Justice Department officials forced Bank of America and Citigroup to donate to left-wing activist groups as part of a deal to end an investigation into the banks’ policies leading up to the 2008 financial crisis, according to congressional investigators.
A House panel is investigating the settlement, with a hearing set for next week. “Using bank settlements to funnel money to activist groups instead of consumers who were harmed is not only bad policy – it is a breeding ground for abuse and favoritism,” says House Judiciary Committee chairman Bob Goodlatte (R. Va.) in a joint statement with Representative Tom Marino (R., Penn.)
The settlements were hailed as landmark deals that would help people who lost money in the 2008 financial crisis. “One of the benefits of a resolution like this is we can actually begin to compensate public pension funds that were victims,” Associate Attorney General Tony West said when announcing the $16.5 billion settlement with Bank of America.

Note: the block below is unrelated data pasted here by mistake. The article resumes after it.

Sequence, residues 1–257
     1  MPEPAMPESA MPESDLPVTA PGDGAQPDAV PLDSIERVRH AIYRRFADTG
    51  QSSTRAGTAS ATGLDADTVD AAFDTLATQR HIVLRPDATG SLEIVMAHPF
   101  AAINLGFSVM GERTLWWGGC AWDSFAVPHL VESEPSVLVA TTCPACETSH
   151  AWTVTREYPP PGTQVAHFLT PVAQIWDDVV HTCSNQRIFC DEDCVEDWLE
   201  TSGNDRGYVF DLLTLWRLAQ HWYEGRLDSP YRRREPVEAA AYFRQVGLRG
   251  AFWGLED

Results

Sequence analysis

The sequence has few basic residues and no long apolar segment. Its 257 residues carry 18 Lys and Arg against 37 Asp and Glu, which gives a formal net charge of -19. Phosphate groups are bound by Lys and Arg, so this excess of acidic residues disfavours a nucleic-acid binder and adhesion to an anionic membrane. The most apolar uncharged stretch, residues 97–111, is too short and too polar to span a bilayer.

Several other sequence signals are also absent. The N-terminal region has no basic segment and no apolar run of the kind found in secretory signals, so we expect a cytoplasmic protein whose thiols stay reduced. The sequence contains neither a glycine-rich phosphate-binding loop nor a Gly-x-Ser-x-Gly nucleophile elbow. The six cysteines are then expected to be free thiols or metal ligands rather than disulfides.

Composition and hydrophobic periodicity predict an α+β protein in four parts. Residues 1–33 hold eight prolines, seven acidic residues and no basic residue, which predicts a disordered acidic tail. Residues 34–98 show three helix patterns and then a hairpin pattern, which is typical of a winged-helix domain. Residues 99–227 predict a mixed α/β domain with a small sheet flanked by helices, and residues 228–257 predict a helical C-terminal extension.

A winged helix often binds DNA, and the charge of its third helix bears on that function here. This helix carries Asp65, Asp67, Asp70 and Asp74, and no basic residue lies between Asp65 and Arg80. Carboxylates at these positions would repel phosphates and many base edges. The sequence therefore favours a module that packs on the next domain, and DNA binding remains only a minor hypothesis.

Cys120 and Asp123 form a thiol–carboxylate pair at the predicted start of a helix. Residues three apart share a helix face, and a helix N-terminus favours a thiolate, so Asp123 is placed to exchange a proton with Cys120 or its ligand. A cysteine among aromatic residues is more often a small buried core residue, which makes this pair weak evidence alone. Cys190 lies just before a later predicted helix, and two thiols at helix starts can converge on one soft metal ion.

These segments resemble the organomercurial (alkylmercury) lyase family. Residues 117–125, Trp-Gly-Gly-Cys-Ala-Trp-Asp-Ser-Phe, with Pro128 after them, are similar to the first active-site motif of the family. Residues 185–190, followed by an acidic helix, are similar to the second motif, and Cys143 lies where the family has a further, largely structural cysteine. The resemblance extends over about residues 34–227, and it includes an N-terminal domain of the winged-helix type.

Yet, the settlement creates an incentive for the banks to donate to activist groups instead of consumers. “Eligible groups include La Raza and NeighborWorks, an organization that has been described as ‘fund(ing) a national network of left-wing community organizers operating in the mold of Acorn,’” according to the Judiciary Committee announcement. “In addition, banks earn two dollars worth of credit against their overall consumer relief commitment for donations above the minimum to activist groups. In contrast, direct forms of consumer relief such as loan modifications earn only dollar-for-dollar credit.”
Goodlatte and Marino cited the arrangement as evidence that “decisions made by the Justice Department increasingly reflect a culture of politics and games rather than nonpartisan justice.”